Racial equity can be defined as "the condition that would be achieved if one's race identity no longer influenced how one fares." (from "Awake to Woke to Work: Building a Race Equity Culture" by Equity in the Center). This collection focuses on racial equity and also includes works that explore the larger diversity, equity, and inclusion (DEI) framework. Our aim is to raise awareness about funding for racial equity efforts as well as activities in the social sector meant to realize racial equity. The collection is part of Candid's Funding for racial equity special issue website.

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"Endless Walk!" by Rayhane saber licensed through Unsplash

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A Change Management & Deep Equity Primer: The What, Why, How & Nuance

January 16, 2023

Change is a force that is simultaneously generative, stimulating creativity and innovation, and disruptive, destabilizing or re-ordering existing conditions. Organizations embarking on equity transformation processes often grapple with questions about the work they are engaging in and where they aspire to land as it relates to advancing change. These common questions can present moments of tension or stuckness, for organizations, staff, boards and equity practitioners, whether in identifying the greatest power levers, unaddressed challenges, or navigating fear or misalignment that can impede larger transformation journeys. Through this publication, Sheryl Petty supports systems to unstick and deepen their ability to advance and embody Deep Equity.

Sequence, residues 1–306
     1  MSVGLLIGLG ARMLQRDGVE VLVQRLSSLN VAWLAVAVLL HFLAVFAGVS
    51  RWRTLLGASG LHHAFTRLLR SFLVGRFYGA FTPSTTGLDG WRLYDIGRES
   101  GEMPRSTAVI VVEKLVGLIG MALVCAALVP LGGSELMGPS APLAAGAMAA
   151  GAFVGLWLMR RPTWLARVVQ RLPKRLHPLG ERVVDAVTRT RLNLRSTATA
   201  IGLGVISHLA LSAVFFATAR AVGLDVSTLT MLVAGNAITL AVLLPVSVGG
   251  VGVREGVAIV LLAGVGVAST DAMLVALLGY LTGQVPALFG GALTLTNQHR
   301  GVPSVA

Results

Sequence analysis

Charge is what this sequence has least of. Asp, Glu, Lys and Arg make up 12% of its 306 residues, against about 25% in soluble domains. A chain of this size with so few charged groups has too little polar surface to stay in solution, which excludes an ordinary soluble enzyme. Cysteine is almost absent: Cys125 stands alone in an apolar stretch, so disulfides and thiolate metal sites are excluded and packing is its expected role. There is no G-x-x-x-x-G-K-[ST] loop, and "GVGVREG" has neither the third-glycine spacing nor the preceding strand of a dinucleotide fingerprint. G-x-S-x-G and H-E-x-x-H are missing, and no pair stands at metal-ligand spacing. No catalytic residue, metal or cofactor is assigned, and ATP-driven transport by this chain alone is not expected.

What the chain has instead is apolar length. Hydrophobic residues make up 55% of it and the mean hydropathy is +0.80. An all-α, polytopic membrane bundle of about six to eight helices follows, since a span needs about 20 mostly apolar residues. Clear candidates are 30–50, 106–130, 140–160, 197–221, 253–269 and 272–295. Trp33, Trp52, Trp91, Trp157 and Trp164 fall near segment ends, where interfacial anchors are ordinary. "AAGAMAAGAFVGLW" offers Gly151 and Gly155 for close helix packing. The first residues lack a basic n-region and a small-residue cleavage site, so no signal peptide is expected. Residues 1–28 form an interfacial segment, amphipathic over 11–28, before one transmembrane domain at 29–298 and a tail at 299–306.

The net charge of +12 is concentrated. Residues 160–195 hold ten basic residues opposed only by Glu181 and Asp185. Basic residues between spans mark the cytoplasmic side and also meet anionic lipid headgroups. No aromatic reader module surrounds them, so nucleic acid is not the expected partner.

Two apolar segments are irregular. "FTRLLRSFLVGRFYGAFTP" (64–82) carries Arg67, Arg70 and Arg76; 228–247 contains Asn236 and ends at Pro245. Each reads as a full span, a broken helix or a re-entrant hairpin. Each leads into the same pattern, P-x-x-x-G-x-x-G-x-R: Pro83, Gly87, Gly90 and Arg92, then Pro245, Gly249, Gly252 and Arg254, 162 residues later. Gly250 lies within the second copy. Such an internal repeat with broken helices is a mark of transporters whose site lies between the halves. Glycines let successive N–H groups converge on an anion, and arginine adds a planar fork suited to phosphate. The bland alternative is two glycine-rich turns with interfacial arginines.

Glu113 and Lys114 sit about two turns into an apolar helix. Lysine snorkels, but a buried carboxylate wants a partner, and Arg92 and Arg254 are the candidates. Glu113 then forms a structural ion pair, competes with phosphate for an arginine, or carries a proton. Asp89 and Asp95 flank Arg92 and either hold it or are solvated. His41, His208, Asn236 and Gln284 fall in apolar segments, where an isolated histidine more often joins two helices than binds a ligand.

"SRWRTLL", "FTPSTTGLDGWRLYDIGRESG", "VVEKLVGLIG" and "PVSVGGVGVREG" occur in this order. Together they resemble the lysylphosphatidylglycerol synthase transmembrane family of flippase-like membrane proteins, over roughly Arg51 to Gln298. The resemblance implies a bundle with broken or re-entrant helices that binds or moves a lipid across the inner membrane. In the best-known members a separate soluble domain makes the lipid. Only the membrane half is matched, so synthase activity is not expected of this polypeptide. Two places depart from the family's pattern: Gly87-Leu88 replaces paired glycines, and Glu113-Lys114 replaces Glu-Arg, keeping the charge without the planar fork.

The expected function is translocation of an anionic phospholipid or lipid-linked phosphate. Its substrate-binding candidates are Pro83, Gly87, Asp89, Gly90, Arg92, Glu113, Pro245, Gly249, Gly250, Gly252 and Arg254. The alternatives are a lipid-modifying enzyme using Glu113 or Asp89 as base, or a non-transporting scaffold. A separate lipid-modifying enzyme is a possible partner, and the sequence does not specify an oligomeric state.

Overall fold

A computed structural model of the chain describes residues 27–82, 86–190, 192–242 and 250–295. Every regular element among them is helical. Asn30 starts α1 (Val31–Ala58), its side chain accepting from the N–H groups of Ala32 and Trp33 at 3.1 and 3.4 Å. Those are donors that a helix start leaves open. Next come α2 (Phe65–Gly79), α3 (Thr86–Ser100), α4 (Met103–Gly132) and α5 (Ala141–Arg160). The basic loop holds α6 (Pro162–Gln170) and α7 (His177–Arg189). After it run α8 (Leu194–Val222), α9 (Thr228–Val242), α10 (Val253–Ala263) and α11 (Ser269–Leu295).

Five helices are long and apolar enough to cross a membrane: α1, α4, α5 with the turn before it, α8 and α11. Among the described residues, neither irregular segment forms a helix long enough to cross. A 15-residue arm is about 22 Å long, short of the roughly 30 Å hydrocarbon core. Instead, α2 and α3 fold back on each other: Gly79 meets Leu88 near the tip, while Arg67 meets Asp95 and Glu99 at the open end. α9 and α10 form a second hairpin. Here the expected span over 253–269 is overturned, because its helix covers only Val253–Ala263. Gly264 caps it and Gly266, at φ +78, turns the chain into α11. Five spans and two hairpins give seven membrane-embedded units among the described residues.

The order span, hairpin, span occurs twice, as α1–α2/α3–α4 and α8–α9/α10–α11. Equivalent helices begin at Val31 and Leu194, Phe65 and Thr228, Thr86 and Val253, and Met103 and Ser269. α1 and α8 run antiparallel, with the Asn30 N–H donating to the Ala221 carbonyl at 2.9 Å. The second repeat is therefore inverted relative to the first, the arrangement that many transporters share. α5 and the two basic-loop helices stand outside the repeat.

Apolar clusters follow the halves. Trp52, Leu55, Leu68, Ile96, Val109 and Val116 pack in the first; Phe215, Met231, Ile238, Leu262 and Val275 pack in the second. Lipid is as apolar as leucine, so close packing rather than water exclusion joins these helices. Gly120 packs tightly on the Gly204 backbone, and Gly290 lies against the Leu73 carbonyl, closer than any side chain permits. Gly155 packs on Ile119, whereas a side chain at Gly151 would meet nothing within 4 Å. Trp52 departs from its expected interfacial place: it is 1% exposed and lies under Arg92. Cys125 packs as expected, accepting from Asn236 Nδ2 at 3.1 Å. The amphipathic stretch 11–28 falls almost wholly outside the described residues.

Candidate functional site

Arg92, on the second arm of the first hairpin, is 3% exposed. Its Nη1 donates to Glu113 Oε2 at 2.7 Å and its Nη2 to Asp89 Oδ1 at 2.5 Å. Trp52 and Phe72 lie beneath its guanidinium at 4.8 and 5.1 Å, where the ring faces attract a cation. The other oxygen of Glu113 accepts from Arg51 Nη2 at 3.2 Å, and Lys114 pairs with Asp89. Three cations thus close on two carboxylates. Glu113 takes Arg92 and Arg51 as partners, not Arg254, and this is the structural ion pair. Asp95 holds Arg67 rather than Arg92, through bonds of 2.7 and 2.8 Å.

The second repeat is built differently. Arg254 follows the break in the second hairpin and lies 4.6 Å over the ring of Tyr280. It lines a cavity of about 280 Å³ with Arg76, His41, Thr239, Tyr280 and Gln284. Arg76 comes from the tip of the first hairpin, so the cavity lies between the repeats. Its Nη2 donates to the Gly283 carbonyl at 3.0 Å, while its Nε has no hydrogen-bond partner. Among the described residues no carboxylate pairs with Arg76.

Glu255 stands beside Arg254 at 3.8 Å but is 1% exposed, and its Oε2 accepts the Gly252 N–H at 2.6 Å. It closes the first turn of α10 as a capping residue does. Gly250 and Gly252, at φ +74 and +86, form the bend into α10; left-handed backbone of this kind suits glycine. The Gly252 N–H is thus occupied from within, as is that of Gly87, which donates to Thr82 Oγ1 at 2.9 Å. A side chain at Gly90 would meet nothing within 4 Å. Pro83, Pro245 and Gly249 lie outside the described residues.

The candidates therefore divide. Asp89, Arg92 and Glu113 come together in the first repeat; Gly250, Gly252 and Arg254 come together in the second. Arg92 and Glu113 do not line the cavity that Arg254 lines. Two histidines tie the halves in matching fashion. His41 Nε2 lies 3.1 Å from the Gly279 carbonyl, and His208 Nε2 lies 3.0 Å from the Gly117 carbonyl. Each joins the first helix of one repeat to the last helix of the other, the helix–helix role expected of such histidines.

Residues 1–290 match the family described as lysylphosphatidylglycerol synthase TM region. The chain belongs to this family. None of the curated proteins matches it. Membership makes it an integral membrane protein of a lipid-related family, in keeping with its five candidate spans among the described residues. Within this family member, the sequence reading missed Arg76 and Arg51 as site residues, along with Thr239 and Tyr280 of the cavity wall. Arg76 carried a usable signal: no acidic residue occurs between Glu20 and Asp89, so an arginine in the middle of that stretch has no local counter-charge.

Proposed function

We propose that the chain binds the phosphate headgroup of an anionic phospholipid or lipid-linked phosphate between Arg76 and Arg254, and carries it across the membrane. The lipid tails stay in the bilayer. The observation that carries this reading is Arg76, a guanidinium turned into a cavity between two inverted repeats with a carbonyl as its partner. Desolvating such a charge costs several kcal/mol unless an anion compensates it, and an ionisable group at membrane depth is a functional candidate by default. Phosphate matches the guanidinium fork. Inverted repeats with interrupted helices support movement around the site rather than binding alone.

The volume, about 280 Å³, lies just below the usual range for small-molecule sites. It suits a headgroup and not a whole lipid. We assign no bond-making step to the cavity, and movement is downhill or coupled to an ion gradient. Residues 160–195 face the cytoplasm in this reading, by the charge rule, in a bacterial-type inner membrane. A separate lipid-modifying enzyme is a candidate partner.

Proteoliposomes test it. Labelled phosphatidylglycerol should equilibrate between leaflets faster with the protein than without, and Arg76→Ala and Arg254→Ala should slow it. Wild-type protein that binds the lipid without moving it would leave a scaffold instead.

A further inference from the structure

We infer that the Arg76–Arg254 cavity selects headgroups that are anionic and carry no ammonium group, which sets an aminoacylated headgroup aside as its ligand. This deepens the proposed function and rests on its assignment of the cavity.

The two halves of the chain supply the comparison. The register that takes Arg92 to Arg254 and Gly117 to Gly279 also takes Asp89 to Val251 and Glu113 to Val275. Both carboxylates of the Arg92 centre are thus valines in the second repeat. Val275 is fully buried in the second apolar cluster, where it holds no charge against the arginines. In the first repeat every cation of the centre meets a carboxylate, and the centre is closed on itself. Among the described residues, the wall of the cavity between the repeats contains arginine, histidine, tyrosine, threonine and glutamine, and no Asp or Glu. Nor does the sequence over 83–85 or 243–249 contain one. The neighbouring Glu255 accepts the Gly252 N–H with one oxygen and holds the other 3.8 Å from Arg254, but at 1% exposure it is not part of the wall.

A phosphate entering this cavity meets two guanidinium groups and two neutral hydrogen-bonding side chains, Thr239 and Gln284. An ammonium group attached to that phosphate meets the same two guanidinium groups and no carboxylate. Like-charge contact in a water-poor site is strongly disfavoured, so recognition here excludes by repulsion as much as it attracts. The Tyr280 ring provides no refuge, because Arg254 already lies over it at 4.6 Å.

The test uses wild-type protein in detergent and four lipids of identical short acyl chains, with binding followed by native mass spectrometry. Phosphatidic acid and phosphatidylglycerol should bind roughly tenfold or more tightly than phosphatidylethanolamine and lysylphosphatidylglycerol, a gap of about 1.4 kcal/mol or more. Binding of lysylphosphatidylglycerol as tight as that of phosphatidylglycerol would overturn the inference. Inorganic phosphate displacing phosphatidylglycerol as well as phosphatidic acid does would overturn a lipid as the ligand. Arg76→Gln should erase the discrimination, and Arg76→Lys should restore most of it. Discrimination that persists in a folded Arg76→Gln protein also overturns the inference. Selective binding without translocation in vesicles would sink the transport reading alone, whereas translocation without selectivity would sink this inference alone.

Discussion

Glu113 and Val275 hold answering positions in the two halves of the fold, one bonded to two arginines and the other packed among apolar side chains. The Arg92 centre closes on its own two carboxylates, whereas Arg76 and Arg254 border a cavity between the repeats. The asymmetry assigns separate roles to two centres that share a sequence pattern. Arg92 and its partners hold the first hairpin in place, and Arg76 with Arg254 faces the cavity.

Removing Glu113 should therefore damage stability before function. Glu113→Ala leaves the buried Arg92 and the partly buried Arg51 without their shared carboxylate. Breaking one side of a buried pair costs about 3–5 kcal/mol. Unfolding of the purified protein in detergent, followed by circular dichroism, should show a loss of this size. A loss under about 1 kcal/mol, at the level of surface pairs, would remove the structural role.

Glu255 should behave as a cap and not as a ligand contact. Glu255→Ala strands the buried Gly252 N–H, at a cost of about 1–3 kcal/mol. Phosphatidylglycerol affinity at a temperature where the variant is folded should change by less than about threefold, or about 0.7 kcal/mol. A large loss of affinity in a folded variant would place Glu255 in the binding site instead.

Reimagining Capacity Building: Navigating Culture, Systems & Power

October 20, 2021

With racial equity becoming more and more central to the work of grantmakers, in this guide GEO explores how considerations related to racial equity can apply to the full range of grantmakers' capacity-building efforts — everything from financial management to human resources to leadership development. Advancing racial equity in philanthropy, of course, calls for a systemic response that extends beyond capacity-building practices. At the same time, given the prevalence and importance of capacity-building initiatives within the GEO community, it behooves us to take a specific and critical look at how we can make the practice of capacity building more racially equitable — and ideally apply these principles more broadly to our work within the sector. Of note, this guide does not focus on equally important and related efforts on racial equity capacity building — in other words, the training and activities organizations participate in to deepen their understanding of racial equity itself.